Sequester impact: Cures for disease, illness may be slowed because of automatic spending cuts

Scientists concerned

JUPITER, Fla. -- Years of scientific research into cures for diseases and illnesses could be slowed or stopped because of the across-the-board, automatic spending cuts known as the sequester.

The cuts, which are expected to go into effect on Friday, would cut hundreds of millions of dollars given to scientists for research by the National Institutes of Health, including some at The Scripps Research Institute.

"2013 is going to be a bad time to have good ideas," said Laura Niedernhofer, an associate professor in the Department of Metabolism & Aging at Scripps Florida. "Congress is sort of saying, "let's kick the can down the road." But, you can't do that with science. You can't turn off the faucet [and] turn it back on. It's going to be a horrible disruption."

Niedernhofer said she and a team of 40 scientists had spent the past five years researching ways to make the aging less frail.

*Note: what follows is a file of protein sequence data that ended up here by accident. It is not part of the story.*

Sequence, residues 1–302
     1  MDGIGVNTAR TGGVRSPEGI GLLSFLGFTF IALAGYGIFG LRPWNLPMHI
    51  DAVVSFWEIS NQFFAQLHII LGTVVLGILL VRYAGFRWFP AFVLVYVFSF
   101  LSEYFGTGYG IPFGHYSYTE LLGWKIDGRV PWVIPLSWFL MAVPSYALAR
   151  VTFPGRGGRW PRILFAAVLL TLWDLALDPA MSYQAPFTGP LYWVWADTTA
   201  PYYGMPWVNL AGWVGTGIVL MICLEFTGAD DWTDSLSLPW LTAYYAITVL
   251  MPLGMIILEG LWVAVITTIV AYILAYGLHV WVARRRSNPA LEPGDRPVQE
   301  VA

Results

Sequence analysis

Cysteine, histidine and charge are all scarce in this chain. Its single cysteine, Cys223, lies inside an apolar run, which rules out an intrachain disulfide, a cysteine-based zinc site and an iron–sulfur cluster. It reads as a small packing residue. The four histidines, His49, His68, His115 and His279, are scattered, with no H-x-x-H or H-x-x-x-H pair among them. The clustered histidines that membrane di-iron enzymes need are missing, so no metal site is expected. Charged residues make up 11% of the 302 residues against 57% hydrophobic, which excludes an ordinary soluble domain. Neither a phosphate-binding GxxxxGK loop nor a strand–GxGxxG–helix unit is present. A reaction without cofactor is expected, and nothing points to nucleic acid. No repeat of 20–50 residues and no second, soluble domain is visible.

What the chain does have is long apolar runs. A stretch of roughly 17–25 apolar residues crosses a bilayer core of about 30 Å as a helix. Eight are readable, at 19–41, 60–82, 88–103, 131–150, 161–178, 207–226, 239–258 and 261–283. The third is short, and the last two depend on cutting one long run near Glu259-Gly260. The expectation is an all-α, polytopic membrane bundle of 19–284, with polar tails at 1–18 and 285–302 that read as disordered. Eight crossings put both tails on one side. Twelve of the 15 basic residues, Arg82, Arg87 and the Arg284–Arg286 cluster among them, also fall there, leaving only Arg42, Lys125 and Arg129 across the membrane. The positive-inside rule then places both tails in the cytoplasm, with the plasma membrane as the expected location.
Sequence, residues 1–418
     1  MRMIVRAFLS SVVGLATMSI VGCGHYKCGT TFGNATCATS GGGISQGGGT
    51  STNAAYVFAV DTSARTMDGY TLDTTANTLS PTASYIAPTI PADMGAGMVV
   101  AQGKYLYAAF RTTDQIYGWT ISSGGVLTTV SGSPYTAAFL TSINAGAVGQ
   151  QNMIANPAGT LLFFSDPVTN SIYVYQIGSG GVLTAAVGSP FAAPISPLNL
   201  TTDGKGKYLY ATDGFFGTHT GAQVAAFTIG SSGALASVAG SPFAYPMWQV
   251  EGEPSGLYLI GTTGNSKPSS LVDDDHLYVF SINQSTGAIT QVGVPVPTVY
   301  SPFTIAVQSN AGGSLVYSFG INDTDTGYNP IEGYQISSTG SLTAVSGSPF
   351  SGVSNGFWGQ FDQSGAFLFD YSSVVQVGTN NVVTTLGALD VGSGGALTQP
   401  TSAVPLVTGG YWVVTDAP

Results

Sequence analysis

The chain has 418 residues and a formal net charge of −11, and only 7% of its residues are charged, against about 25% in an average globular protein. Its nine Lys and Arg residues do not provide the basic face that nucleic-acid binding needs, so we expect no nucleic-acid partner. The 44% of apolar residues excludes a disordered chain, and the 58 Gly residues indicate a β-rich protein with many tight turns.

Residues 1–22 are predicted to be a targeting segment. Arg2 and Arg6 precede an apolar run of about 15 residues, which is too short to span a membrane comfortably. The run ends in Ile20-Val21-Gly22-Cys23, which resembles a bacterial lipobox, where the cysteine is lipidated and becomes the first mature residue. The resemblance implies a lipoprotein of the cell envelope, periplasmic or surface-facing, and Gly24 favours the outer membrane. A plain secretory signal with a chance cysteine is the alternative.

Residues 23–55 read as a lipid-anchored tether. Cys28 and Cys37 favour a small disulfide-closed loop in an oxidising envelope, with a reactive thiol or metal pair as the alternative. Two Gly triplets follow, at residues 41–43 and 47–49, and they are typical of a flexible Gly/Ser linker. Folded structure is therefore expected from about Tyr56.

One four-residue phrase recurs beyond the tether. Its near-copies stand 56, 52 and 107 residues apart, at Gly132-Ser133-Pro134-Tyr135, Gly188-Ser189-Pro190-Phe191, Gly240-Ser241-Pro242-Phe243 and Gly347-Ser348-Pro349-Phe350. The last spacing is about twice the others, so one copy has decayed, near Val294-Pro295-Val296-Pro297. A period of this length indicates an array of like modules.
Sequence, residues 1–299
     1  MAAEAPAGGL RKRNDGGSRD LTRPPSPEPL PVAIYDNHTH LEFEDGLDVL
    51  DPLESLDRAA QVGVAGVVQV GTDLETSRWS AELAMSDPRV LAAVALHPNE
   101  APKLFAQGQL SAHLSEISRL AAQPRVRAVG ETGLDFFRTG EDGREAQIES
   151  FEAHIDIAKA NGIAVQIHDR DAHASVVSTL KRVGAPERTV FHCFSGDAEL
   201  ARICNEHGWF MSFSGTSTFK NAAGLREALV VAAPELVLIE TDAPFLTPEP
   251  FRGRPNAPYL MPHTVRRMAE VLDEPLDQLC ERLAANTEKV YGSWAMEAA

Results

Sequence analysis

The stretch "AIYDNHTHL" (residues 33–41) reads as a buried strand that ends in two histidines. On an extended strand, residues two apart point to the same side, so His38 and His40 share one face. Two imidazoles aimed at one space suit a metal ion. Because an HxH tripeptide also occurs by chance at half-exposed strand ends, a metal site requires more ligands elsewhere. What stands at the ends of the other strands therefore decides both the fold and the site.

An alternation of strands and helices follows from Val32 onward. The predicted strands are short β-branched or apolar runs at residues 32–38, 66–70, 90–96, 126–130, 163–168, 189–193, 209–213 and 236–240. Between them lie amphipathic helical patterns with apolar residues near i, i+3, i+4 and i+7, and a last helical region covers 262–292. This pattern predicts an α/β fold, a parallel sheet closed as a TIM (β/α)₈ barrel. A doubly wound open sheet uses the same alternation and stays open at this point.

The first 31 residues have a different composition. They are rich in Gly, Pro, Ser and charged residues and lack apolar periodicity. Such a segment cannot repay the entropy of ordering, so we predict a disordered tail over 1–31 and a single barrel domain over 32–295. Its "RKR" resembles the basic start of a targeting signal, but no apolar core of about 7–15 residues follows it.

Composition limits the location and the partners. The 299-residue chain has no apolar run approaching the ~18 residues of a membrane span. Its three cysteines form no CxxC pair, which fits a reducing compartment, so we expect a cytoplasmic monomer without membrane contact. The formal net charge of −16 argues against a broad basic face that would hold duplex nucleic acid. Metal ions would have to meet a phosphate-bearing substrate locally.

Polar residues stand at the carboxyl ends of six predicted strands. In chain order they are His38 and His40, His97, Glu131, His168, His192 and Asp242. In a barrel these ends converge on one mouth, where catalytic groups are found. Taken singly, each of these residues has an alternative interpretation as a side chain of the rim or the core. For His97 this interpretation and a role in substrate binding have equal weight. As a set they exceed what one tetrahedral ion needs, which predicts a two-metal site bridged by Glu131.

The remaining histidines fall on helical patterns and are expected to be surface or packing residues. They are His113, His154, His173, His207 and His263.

The research, which shows great promise, may go nowhere.

Advances in cancer research and cures or new treatments for diabetes or Alzheimer's Disease could also be impacted, scientists said.

"There's going to be just a devastating effect to innovative research in America," Niedernhofer said. "Some of the projects will simply be lost. There is no way to resurrect them. You can't put science on hold."

The cuts are part of $1.2 trillion in automatic spending cuts over 10 years that were created as an incentive for Congress to reduce the deficit.

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